New York City-based photographer Sara Messinger tested out our new LomoChrome Color '92 ISO 400 (35 mm) Film on a trip to Mexico. In this interview she tells us about her first impressions of the film, traveling with it, and the self-reflective meaning behind her trip.
Why did you choose this setting to test our new LomoChrome Color '92 ISO 400 (35 mm) Film ?
I was traveling to Mexico City when I decided to try out the film. I pretty much only shoot on 400 speed film. For me it is the most versatile. Even when it gets dark, I love shooting as wide open as I can with my aperture, so I don’t mind shooting with a slow shutter speed with no flash.
How would you describe the look of this film?
The film definitely yields on the cooler side, and a bit grainy.
Do you have a favorite photo taken with this film?
I took this photo of my friend as we were traveling by bus to the pyramids outside of Mexico City. This photograph for me represents my entire trip. I felt very lost at this time in my life. I can see my new friend, also a photographer, looking and searching as well— neither of us truly knew what we were looking for. Nobody ever really does, I guess is the truth. But this photograph reminds me, you always have to search. I had no idea why I decided to go to Mexico, but here I was on the bus to the pyramids. I was searching for something.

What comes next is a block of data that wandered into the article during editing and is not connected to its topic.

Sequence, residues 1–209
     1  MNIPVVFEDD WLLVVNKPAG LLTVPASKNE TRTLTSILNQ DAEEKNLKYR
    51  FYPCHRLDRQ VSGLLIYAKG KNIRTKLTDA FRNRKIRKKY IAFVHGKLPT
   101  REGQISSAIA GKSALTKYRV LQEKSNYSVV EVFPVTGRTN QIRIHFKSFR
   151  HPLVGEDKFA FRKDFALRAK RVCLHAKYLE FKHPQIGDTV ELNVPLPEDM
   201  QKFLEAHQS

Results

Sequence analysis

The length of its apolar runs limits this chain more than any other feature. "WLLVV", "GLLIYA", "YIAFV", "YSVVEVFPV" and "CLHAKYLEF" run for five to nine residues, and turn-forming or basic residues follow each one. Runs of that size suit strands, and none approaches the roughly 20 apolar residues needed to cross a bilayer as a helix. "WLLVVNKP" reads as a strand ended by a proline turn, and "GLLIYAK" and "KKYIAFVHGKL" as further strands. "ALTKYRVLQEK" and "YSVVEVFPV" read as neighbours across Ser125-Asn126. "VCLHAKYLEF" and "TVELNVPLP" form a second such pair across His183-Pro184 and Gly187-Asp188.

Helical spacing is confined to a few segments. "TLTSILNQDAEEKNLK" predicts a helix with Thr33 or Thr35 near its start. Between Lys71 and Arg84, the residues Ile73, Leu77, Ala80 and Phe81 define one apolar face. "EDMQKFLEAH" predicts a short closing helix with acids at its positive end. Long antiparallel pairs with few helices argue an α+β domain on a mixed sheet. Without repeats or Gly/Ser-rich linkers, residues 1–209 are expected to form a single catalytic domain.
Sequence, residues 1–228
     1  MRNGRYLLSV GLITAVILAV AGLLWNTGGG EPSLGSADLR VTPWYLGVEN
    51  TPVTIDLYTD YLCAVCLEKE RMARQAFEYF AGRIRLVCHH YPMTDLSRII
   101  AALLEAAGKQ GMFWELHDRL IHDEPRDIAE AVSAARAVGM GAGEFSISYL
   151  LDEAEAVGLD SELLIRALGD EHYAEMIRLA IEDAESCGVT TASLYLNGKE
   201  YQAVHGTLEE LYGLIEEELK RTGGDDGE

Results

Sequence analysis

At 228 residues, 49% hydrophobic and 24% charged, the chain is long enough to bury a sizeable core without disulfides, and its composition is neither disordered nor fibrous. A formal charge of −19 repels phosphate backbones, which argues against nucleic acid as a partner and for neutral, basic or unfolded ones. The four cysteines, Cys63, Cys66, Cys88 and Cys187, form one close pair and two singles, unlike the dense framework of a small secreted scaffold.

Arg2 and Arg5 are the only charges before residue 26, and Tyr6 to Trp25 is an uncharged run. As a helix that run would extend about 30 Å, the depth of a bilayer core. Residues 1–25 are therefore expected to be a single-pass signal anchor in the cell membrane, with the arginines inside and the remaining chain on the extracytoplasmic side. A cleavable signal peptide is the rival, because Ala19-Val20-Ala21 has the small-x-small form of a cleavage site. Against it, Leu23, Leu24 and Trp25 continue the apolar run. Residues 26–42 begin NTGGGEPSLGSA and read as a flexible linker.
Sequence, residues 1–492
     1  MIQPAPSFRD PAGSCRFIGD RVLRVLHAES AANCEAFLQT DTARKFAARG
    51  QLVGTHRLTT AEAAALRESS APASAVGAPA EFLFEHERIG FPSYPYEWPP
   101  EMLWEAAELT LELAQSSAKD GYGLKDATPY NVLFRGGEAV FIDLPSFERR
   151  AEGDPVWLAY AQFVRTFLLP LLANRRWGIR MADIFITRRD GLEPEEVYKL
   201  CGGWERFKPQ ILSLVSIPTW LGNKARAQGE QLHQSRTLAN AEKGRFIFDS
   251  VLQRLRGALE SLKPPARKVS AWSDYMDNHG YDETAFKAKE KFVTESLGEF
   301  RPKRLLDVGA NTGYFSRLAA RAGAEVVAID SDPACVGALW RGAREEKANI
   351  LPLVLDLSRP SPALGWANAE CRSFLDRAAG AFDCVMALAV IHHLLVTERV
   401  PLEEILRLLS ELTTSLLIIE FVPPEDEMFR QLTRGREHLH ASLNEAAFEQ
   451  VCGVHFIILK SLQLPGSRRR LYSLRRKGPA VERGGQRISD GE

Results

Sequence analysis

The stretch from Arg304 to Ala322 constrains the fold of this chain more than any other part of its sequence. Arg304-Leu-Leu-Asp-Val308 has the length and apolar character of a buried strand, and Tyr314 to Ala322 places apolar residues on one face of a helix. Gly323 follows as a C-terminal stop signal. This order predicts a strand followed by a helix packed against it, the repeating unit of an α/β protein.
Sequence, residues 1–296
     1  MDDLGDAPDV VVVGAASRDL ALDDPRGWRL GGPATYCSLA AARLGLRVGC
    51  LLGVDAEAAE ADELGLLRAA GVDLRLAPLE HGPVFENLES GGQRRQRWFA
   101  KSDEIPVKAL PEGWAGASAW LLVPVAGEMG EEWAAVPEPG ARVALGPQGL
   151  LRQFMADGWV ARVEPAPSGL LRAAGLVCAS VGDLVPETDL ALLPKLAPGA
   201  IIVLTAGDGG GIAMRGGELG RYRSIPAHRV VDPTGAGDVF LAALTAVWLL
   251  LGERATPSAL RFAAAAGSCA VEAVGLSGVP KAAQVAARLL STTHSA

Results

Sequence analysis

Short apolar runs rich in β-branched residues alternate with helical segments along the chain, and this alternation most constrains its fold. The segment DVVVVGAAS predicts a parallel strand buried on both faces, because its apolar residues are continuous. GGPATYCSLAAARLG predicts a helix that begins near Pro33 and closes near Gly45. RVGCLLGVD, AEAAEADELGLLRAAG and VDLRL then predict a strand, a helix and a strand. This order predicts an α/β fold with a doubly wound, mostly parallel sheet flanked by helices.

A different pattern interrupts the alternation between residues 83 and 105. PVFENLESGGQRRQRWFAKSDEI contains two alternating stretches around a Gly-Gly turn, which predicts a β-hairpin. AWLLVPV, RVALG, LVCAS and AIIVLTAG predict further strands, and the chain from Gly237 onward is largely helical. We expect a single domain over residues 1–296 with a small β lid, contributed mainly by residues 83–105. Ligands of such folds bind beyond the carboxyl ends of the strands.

How do you feel about a new color negative film being on the market?
What do you think is the perfect situation for shooting this film?
Daytime. I honestly never know what I’m going to be up to, and I always like to make do with what I have. I always have 400 speed film in my camera. You can make it work with limited light too.
Which camera did you use with this film?
What are your hopes for the future of film photography?
I really hope the supply of film goes up, and more companies come out with more options due to the increase in demand. I never want to stop making pictures with film. For me the experience of shooting film is everything. I am a romantic for film photography. I love the simplicity of it. I love not having a digital screen to pressure me to construct a perfect image. I love the limited frames. I love not seeing the images that I make until months later. For me, I don’t fully experience a moment until I see the photograph months later.